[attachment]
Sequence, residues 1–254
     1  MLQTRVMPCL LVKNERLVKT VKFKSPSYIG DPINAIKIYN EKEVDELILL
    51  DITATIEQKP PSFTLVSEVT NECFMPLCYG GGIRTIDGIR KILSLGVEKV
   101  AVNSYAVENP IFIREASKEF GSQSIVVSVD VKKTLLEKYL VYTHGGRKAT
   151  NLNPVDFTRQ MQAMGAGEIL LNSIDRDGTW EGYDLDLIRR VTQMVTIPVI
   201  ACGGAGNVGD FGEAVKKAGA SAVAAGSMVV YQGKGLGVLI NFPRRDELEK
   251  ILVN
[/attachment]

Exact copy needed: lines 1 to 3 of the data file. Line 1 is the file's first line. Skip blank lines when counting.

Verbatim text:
Sequence, residues 1–254
     1  MLQTRVMPCL LVKNERLVKT VKFKSPSYIG DPINAIKIYN EKEVDELILL
    51  DITATIEQKP PSFTLVSEVT NECFMPLCYG GGIRTIDGIR KILSLGVEKV